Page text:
How Iran-US nuclear deal can affect India’s commodity exports?

Tejinder Narang | Updated on January 23, 2018


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It may be best for Indian trade to deal with Dubai counterparties which may take exposure to Iran

The Iran-US nuclear deal, expected to be concluded by June-end, should pave the way for free trade with Teheran.

This will relatively end preferential treatment accorded to India under the Indo-Iran rupee payment agreement.

Usage of the rupee account will be need-based and will not remain a pressure point on Iran. A way may also be found by Iran to repatriate the balance in the rupee account in hard currency after the sanctions are lifted.

Earlier pacts

Historically, Indo-Iran trade has gone through a metamorphosis after a few years, leaving many issues unresolved. India’s past experience of two earlier pacts with Iran have not been good as both ended abruptly.

First, the Kudremukh Iron Ore Company Limited (KIOCL) barter in 1976, against which Iran invested $630 million in return for iron ore. It was abandoned in 1980 due to changed political realities.

Thereafter, another bilateral trade and payment mechanism – Asian Clearing Union (ACU) - was terminated by the RBI in December 2010 under US pressure. Export of non-basmati rice and wheat in 1994-95 was done under ACU. Thereafter, the Dubai route emerged.

In February 2012, India’s UCO Bank was nominated to deal with four Iranian banks for payment in the ratio of 55:45 of hard currency and rupee respectively.

Rice, oilmeal cases

The accompanying chart shows a significant decline in major Indian commodities after US-Iran “interim” agreement was signed in November 2013. This is not a matter of conjecture but reflected by facts on ground.

Basmati exports to Iran flourished initially between 2012-13 and 2013-14 relying on three major buyers.

But over the last 18 months, some suppliers have their deemed profits wiped out and registered losses in their balance sheets.

The same is true with oilmeal exports. Not only money made in some bargains was lost subsequently – India abandoned its traditional markets due to value distortion created by high priced exports to Iran.

Raw sugar export was somewhat workable at lower volumes in 2014 but there has been no repeat business.

The government made persistent efforts to export wheat by getting relaxation for Karnal but for “negligible percentage” instead of “nil” but the phytosanitary and plant quarantine authorities in Iran have not budged.

Apparently, value-added business of pharmas and rail lines/steel pipes seems to be doing well. Engineering business/oil exploration is also being supported at the political level in view of India’s concerns with Pakistan, Afghanistan and Balochistan.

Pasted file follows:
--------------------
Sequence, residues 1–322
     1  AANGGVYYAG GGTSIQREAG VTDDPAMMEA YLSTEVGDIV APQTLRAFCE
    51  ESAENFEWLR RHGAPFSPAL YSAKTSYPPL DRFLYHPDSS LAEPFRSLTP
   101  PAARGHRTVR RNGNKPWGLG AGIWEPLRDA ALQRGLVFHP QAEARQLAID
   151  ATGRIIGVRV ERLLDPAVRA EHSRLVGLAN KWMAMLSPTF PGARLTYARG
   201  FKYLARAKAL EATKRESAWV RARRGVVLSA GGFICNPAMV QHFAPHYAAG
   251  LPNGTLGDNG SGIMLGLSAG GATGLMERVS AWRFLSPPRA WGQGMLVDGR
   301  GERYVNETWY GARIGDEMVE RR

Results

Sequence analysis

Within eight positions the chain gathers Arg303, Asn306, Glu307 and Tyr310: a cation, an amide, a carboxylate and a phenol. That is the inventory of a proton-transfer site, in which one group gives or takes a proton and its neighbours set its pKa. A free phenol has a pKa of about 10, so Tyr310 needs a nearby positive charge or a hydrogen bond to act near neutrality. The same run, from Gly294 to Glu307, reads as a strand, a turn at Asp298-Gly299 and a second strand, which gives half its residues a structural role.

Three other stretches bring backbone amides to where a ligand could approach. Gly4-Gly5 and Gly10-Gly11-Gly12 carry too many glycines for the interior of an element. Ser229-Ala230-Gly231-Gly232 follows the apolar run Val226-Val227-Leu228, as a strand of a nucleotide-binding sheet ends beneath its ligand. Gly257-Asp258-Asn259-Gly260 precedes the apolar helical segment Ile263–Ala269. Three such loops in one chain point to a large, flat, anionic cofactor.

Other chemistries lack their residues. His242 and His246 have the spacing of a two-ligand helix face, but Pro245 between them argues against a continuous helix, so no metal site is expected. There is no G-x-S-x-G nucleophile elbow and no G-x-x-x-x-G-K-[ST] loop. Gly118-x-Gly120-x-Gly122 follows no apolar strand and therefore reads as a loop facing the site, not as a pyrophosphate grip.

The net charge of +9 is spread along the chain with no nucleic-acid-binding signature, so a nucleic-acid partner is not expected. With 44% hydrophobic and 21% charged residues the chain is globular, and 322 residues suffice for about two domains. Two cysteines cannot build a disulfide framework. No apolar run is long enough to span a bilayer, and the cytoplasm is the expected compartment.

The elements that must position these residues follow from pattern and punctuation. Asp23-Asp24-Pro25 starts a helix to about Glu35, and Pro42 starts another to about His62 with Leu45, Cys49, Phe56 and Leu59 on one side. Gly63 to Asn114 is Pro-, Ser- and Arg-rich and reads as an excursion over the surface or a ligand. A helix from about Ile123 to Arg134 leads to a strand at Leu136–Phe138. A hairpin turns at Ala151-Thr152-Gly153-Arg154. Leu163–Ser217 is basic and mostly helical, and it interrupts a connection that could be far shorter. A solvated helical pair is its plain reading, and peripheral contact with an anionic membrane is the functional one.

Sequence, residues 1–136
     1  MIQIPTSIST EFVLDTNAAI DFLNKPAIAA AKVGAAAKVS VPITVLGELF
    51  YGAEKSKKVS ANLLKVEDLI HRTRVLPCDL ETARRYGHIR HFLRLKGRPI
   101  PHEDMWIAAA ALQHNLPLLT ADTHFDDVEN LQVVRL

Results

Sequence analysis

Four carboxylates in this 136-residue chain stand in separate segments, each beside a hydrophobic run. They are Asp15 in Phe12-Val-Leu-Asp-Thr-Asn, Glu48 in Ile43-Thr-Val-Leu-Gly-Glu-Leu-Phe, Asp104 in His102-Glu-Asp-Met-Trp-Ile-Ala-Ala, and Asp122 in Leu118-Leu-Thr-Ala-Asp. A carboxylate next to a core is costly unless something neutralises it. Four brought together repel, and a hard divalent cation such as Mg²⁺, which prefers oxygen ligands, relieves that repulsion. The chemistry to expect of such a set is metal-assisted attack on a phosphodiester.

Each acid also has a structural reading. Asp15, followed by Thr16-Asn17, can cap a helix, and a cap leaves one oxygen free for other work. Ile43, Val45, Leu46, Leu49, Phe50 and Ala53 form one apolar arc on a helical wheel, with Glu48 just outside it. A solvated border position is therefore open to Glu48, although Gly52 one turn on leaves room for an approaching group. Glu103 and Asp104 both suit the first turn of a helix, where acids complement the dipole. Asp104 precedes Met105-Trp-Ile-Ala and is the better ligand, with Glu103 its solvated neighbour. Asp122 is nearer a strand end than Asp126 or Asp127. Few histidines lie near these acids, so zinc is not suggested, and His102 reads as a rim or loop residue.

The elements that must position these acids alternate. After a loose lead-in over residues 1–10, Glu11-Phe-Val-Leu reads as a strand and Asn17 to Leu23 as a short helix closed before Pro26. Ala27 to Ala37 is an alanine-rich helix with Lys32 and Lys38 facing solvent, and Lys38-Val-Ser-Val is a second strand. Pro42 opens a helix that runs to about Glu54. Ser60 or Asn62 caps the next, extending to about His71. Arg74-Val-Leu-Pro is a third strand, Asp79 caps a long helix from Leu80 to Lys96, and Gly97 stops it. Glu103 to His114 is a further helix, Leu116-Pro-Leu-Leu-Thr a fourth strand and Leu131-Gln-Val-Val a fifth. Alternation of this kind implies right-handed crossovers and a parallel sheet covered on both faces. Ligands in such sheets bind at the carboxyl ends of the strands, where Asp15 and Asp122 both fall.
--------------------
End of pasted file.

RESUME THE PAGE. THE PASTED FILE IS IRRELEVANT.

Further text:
In commodity trade, trading experience even under rupee trade managed through UCO Bank has not been very rewarding for the Indian counterparties due to two vital factors.

First, Indian traders are competing against one another and sabotaging business by offering varying terms of trade and compromised specifications.

Secondly, Iran knows that the Indian side has made money and they levied customs duty or imposed rigid customs regulations that offered Iranian buyers opportunities to a rebate on contracted prices. In both these cases, Iran called the shots.

Bureaucratic bottlenecks

Indian trade has no contractual recourse because Iranian law is incorrigible. In Government business, bid bonds and guarantees are demanded with unlimited time frame. Letters of credit once issued by Iranian banks are very difficult to get amended.

Government departments are working in silos – for example – commerce department will have no say in agriculture – the type of working relationship we have in India.

Iranian traders cite currency fluctuations or some government regulations for non-performance and Indians are totally at their mercy because the factual position remains veiled. GTC and other traders have very “intimate” contact with MNCs. Their “preference” for commodities lies elsewhere except basmati rice.

Even during sanctions, food items were not under any prohibition, so Iran continued to source elsewhere despite surplus in UCO Bank rupee account.

Iran works according to its priorities with patience – with utter disregard to any agreed provisions – and it is not possible to extract a viable bargain because traders are exposed to rough and tough trading environment.

On a short-term basis, India may find itself isolated from Iran in trade (except basmati rice). Iran will court Western powers/China and other origins for trading and building up its other petrochemical capabilities.

All nations (P5+1) are not signing the nuclear agreement for charity. Trade, in preference to investment, will be foremost in their minds.

Dubai will surely emerge as a vital trading hub. Indian trade will be best served by dealing with Dubai counterparties who may take exposure to Iran.

Iran too will go through the developmental phase. But surely it will rebuild its nuclear capabilities under one pretext or the other.

That will again lead to some sort of disruptive environment in trade.

The on-going Sunni-Shia discord can also go through an expansionary phase which may compel western powers again for interventionist measures. Thus, in long term, India will again be in the reckoning. At this point of time, India has to walk back in trade.

The writer is a grains analyst. Views are personal.

Published on April 15, 2015

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